Editor's Choice

The Startup Way: How Modern Companies Use Entrepreneurial Management to Transform Culture and Drive Long-Term Growth

October 20, 2017


Eric Ries has written both a philosophical treatise for a new form of management and an entrepreneurial engineering guide to doing the work on the ground.

The Startup Way: How Modern Companies Use Entrepreneurial Management to Transform Culture and Drive Long-Term Growth by Eric Ries, Crown Business, 400 pages, Hardcover, October 2017, ISBN 9781101903209

Picture a stereotypical tech geek teen toiling away in his parent’s basement. He coauthors his first book, on Java and game development, before he turns twenty. He trains as a software engineer, moves to Silicon Valley, and starts a company. But the technical problem he really yearns to solve is a human one. He is more interested in the management of people and processes than the manipulation of code. He sees the startup as a human institution. It was that institution he put his engineering mind to, and he begins “to formulate a model for how to make the practice of entrepreneurship more rigorous.” That person is Eric Ries, and that path led the breakout success of his first book, The Lean Startup, which has sold over a million copies and been implemented in companies all over the globe. It has been used in countless startups, but also on large multinational corporations like Toyota and GE—even in the United States government. Ries now travels the world, often advising some of world’s largest companies in the morning, and tiny startups that could become the word’s largest in ten years, in the afternoon.

If you follow this column, you know I am incredibly skeptical of the Silicon Valley ethos of disruption, but there’s no denying the reality of that disruption, or the success that has emerged from it. The five largest companies in the world are now tech companies, and three of them are literally located in the Valley. There is a lot the rest of the world can learn from the mindset, focus, financial structure, ways in which risk is accounted for, taken, managed, and rewarded there—and a lot it can adapt. Eric Ries’ new book, The Startup Way, explains all of that, and how to do it.

It sounds like a tall task, but The Startup Way is up to it. It is both a philosophical treatise and an entrepreneurial engineering guide to doing the work on the ground.

There are five key principles behind the Startup Way philosophy: Continuous Innovaton, Startup as Atomic Unit of Work, The Missing Function, The Second Founding, and Continuous Transformation. Those principles do not make up the chapters or sections of the book as you might expect from a typical business book, but are woven throughout and within. Instead, the book is broken into three parts: the first detailing how he believes a modern company should function, the second a road map for transformation to get there, and the third pulling back to look at the bigger picture we all face as a society.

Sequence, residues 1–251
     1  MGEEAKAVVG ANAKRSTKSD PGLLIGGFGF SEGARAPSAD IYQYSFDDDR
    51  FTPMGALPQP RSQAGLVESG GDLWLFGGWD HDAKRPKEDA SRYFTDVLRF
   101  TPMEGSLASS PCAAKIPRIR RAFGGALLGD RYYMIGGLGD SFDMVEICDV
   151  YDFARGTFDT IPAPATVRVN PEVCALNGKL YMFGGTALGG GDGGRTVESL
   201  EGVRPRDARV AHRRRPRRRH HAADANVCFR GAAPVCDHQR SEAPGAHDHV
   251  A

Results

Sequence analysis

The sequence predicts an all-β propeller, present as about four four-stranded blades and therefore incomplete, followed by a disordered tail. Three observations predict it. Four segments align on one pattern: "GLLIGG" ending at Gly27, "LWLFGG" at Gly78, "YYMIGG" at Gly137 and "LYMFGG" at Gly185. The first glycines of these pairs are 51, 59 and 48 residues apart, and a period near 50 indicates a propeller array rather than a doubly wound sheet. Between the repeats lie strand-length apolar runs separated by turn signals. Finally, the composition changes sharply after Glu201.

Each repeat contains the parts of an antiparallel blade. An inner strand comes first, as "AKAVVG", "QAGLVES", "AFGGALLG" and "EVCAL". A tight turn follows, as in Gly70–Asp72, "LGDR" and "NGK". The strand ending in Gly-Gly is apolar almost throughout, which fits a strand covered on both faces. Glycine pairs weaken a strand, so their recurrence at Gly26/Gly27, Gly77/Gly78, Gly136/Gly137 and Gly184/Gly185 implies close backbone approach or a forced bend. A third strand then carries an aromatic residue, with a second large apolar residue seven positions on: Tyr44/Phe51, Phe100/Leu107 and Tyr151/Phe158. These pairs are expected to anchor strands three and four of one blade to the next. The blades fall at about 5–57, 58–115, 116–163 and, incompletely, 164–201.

With regard to how a truly modern company should function, he believes there is currently a missing function in established enterprises, “the entrepreneurial function.” Ries suggests it should be considered on par with the engineering, sales and marketing, HR, IT, and finance functions of an organization. He asks us to imagine what companies were like before marketing was a recognized function and discipline in business, and suggests that is where we are at in large organizations with regards to entrepreneurship—that is, most companies lack a dedicated team devoted to exploring new, potentially high-growth initiatives, integrating them within the larger organization if and when they begin to succeed, and “infusing everyday work across the organization with an entrepreneurial, experimental, iterative mindset.”

Entrepreneurship, as Ries sees it, is a skill, one that can be trained and that needs to be invested in. And if you don’t think your organization has the capacity to do so, that it’s too underfunded and understaffed, or too traditional and set in its ways, let me refer you to the chapter on the “Lessons from the Lean Startup” and a story of the Department of Education’s College Scorecard team. Or the story of how HealthCare.gov, a website that was initially an abject failure born of the most obscene conventional bureaucratic processes, was turned around and resurrected by a small team of technologists working on the entrepreneurial principles of rapid iteration, validated learning, and accountability. The story reflects a lesson Ries has learned while surveying the organizational landscape:


I have come to realize that today’s organizations—both established and emerging—are missing three capabilities that are needed for every organization to thrive in the century ahead: the ability to experiment rapidly with new products and new business models, the ability to empower their most creative people, and the ability to engage again and again in an innovation process—and manage it with rigor and accountability—so that they can unlock new sources of growth and productivity.